Obama Sends Letter To Ayatollah

Dubai: In a rare outreach to Iran’s Supreme Leader Ayatollah Syed Ali Khamenei, President Barack Obama wrote a letter to him in the middle of last month reassuring him that US does not intend to invade Syria, according to the news reports.

The October letter marked at least the fourth time Obama has written Iran’s leader since taking office in 2009.

The Wall Street Journal (WSJ), which first reported that Obama had sent the letter, noted that “the correspondence underscores that Obama views Iran as important—whether in a potentially constructive or negative role—to his emerging military and diplomatic campaign to push [Daesh] from the territories it has gained over the past six months.”

The letter was also meant to reassure Iran that it’s operations in Syria were not targeted at Iran’s embattled ally Bashar Al Assad, a person briefed on the letter told the WSJ. “It states that the US’s military operations inside Syria aren’t targeted at Al Assad or his security forces,” it reported.

The US and Iran are each engaged in military efforts to degrade the Daesh group, essentially putting the longtime foes on the same side in the campaign against the extremists. However, the Obama administration has repeatedly insisted that it is not coordinating and will not coordinate its military actions with Iran, though officials from both countries have discussed the matter more broadly.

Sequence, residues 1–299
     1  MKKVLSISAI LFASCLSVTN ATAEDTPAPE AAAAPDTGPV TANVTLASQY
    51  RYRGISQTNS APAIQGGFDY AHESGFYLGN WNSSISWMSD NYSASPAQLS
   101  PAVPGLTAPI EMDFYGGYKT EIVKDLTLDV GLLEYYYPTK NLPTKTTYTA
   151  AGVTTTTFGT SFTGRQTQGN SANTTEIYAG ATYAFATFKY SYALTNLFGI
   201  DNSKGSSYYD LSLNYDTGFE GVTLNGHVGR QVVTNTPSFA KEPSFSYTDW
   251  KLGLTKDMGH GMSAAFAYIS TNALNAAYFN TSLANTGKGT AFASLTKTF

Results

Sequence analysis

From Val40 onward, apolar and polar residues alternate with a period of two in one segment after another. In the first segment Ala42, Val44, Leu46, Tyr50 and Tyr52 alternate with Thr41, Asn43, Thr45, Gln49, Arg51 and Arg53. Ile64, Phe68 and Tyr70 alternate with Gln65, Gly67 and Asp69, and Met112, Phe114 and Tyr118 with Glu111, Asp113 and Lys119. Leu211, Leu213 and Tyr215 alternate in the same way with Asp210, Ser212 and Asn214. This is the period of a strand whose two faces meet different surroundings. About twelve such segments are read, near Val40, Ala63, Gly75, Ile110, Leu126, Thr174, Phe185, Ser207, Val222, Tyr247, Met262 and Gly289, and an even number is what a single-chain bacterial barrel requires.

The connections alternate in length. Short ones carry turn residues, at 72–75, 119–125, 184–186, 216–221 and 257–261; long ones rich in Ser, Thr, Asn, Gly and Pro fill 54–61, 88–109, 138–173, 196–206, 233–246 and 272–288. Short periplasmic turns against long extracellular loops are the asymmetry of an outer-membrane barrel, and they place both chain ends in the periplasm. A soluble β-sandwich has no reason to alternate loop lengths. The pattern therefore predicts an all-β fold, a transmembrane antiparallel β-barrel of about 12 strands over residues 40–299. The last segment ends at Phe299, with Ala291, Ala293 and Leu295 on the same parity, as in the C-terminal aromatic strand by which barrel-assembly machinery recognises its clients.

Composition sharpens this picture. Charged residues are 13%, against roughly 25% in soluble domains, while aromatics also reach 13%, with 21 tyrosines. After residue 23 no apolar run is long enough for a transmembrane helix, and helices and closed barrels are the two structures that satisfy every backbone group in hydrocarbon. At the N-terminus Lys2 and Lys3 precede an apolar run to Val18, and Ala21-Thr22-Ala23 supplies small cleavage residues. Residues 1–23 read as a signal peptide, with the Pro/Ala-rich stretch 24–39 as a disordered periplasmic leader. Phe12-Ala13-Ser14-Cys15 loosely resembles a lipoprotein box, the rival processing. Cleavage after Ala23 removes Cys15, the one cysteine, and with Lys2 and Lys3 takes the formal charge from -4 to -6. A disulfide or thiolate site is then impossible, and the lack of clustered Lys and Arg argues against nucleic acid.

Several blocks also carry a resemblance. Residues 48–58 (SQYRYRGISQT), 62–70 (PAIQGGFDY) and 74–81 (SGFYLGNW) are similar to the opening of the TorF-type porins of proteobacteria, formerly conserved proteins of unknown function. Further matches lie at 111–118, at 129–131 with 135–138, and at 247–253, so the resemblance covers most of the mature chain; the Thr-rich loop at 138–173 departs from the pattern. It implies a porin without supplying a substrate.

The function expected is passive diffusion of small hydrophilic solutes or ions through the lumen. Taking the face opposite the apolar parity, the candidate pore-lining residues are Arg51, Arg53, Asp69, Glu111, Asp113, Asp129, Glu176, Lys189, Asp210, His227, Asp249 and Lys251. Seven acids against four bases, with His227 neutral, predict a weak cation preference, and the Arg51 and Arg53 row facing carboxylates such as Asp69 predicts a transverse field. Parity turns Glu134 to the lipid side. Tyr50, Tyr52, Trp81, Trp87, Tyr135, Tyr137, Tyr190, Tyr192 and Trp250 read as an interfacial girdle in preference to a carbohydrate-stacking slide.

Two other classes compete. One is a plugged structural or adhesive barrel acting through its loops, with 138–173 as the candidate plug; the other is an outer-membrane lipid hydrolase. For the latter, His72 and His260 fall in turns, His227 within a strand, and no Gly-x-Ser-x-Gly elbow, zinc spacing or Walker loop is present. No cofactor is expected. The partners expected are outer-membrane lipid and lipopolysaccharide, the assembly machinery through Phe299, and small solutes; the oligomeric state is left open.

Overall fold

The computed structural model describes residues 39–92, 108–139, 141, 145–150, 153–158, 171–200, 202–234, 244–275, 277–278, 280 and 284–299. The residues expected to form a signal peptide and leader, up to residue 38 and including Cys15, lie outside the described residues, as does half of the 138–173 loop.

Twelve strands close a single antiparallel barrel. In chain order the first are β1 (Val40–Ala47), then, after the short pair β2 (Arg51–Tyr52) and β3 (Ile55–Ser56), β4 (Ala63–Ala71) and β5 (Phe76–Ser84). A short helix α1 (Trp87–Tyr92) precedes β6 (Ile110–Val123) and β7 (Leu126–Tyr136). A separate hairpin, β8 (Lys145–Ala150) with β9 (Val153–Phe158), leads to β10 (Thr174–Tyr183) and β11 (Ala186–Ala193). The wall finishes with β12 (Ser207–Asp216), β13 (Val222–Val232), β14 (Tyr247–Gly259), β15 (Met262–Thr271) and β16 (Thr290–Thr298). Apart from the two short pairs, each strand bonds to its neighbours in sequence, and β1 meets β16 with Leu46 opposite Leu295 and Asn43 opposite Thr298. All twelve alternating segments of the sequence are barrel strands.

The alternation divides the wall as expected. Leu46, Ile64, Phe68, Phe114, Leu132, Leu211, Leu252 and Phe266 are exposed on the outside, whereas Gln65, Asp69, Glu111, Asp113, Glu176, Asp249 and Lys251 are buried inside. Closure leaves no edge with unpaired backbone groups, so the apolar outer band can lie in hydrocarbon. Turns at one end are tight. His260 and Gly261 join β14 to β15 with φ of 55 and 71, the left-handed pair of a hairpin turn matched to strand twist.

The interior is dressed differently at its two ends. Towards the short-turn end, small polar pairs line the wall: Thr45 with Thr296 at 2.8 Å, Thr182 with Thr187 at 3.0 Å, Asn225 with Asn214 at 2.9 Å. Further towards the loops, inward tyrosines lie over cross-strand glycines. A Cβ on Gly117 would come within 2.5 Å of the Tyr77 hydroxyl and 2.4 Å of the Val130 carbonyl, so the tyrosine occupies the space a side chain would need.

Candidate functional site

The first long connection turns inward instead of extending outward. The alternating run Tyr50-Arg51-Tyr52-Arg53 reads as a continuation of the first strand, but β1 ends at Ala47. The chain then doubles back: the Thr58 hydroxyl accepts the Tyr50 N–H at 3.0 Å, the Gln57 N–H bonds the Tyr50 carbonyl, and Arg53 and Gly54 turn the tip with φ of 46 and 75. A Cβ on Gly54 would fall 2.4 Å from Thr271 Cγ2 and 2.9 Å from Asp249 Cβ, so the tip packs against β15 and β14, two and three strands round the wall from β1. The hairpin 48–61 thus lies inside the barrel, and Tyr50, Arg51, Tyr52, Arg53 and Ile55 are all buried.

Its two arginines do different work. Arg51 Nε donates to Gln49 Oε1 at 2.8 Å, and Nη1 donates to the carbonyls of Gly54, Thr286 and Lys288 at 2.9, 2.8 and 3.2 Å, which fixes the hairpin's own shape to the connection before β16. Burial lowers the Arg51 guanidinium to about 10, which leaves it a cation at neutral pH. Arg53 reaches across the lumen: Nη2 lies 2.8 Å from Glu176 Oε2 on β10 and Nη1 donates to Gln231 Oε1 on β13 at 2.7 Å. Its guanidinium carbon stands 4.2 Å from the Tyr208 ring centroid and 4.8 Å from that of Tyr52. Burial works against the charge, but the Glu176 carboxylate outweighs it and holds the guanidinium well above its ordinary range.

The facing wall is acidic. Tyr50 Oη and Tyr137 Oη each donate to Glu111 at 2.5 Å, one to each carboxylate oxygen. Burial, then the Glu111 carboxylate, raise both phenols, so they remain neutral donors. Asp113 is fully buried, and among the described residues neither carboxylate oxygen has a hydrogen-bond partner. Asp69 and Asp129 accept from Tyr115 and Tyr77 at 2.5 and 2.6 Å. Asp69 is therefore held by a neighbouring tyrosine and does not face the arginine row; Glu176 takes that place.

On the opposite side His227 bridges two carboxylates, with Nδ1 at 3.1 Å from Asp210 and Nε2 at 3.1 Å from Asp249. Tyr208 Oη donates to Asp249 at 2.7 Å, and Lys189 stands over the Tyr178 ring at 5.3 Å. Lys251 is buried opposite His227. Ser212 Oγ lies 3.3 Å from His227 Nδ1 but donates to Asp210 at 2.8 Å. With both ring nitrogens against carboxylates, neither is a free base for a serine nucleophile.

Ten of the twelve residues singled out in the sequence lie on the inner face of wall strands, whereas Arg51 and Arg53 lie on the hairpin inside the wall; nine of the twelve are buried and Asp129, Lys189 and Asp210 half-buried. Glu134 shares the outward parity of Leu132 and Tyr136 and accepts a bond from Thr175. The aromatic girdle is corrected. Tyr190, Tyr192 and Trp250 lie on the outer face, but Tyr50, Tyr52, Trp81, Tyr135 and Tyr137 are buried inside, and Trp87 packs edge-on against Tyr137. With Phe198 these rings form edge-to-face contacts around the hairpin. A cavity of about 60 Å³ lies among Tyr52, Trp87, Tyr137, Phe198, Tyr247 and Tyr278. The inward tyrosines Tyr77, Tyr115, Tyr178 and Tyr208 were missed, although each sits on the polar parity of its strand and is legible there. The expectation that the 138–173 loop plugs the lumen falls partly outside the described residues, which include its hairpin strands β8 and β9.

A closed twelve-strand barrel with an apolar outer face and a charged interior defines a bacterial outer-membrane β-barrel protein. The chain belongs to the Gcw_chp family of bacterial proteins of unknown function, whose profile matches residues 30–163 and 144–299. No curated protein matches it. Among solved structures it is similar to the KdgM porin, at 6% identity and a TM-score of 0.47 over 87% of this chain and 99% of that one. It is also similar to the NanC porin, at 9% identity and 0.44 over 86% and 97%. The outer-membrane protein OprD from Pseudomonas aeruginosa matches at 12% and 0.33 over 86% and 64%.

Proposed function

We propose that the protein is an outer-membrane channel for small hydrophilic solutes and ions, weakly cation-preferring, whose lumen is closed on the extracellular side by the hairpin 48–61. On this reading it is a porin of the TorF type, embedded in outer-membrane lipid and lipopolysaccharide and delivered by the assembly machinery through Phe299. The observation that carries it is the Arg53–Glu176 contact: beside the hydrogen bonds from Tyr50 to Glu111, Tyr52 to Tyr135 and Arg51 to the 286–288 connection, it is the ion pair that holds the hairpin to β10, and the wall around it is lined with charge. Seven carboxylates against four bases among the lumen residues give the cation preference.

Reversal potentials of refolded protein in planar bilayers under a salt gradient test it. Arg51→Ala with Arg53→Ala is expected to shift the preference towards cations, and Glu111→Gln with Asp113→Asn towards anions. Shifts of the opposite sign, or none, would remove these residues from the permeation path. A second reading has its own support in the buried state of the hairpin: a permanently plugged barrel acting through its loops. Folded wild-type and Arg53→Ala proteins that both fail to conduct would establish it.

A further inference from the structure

Obama’s letter to Iran’s Supreme leader comes against the backdrop of the looming November 24 deadline in nuclear negotiations between the US and Iran, as well as five other world powers.

Diplomatic sources confirmed the existence of the letter to The Associated Press. They did so only on the condition of anonymity to publicly discuss Obama’s outreach.

Obama authorised a US-led air campaign against Daesh fighters in Iraq in August and expanded the mission the following month to neighboring Syria. The US is taking action alongside several other nations, including a handful of regional partners.

Iran is not part of the US coalition, but it has also been fighting Daesh on the ground. However, Iran’s interests in pursuing Daesh’s defeat differ from those of the Obama administration. Iran is a staunch supporter of Syrian government, which is a target of the militants and opposed by the US

Two chief critics of Obama’s foreign policy, Republican Senators John McCain of Arizona and Lindsey Graham of South Carolina, called it “outrageous” that Obama would seek to enlist Iran in its fight against Daesh given Iran’s support for President Assad and Hezbollah.

“The consequences of this ill-conceived bargain would destroy the Syrians’ last, best chance to live in freedom from the brutal Al Assad regime,” the two ultra conservative senators said in a joint statement.

US officials have not ruled out the possibility that a nuclear accord with Iran could open the door to discussions on other issues, but they have sought to keep the delicate negotiations focused solely on Tehran’s disputed nuclear program.

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